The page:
ACL Treatment Options

“In My Office”

‘I have a torn anterior cruciate ligament in my knee – what are my options for treatment? Will I ever be able to enjoy running sports again?

An anterior cruciate ligament tear (ACL) can be a devastating injury. Aside from the pain and swelling, there may be an impending sense that you may not be able to recover normal knee function and your active lifestyle. The majority of ACL tears (see blog on ACL anatomy) occur in the middle of the ligament. Occasionally, the ligament will tear directly from the attachment to the thighbone (femur). It is quite unusual for the ligament to be able to be reliably repaired directly back to the bone and reestablish normal tension and strength. In most instances, a new ligament must be created (called a ‘reconstruction’ rather than repair) using a graft (tissue substitute).
The graft source may be from your own leg (autograft) or from a cadaver donor (allograft). Synthetic ACL replacements alone have not been shown to be reliably durable in stabilizing the knee. The graft must be placed precisely in the position of your native ACL. Anterior cruciate ligament reconstructions are generally performed in an arthroscopically assisted manner. Small incisions for the arthroscopic tools are all that enter your knee, although somewhat larger incisions may be needed to obtain an autograft. The indications for reconstruction of the torn ACL include functional instability (your knee gives way or buckles during activity) or demonstration on examination that the ACL is incompetent and unable to prevent a pivot shift (excessive displacement of the lower leg (tibia) on the femur. If you intend to be involved in running, jumping, cutting, or pivoting activities there is a 75 – 80% chance of incurring additional injuries and further damage to your knee if it is not stabilized.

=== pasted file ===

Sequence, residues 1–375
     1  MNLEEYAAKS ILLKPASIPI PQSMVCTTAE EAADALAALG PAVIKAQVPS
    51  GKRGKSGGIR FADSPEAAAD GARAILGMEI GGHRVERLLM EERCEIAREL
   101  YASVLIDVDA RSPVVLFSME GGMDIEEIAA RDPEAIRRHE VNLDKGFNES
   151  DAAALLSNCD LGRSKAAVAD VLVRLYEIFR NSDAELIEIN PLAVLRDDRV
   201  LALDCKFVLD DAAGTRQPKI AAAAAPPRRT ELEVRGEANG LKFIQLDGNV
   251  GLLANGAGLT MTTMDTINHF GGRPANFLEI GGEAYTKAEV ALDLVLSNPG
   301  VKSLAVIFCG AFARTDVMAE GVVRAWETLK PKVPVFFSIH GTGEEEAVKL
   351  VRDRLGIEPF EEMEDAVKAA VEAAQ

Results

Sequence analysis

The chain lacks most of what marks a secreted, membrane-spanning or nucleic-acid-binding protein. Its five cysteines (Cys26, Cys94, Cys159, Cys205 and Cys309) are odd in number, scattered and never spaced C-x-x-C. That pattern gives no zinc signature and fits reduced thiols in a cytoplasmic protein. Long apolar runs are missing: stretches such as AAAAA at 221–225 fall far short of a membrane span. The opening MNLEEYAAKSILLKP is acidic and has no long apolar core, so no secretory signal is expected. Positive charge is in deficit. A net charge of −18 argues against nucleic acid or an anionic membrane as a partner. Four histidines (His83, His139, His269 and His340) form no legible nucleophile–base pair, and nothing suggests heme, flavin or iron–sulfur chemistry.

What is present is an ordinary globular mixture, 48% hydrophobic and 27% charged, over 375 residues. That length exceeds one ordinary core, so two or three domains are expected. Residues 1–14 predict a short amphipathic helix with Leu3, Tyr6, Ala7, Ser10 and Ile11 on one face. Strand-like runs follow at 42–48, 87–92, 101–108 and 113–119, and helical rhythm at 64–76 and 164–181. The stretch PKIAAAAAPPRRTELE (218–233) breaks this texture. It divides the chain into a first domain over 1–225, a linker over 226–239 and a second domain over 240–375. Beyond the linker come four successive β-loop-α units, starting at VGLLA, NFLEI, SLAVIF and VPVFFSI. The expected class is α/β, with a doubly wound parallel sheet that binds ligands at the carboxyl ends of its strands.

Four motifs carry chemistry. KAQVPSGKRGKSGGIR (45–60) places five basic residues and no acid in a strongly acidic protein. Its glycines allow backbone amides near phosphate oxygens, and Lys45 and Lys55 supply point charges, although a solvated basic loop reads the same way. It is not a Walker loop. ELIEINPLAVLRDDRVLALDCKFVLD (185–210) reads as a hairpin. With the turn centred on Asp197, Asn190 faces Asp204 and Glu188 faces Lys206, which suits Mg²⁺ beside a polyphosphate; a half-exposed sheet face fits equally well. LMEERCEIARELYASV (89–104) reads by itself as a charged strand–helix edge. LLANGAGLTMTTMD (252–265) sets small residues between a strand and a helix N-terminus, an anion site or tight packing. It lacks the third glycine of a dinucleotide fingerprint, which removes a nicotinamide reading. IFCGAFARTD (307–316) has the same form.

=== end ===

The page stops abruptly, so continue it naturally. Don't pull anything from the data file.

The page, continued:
Bracing can help stabilize your knee to a degree, but cannot completely control twisting of your knee, which is the most likely cause of recurrent instability. If you are lower demand in your activities, a specific ACL brace may suffice. If you choose to undergo anterior cruciate ligament reconstruction, there is an 85 – 90% chance that you can return to full unrestricted athletic activities provided you completely rehabilitate your knee and regain full range-of-motion, leg strength and agility. A small number of patients have pain, weakness, or ongoing looseness. Occasionally, a patient will choose to modify their lifestyle and demands to avoid further injury to their knee.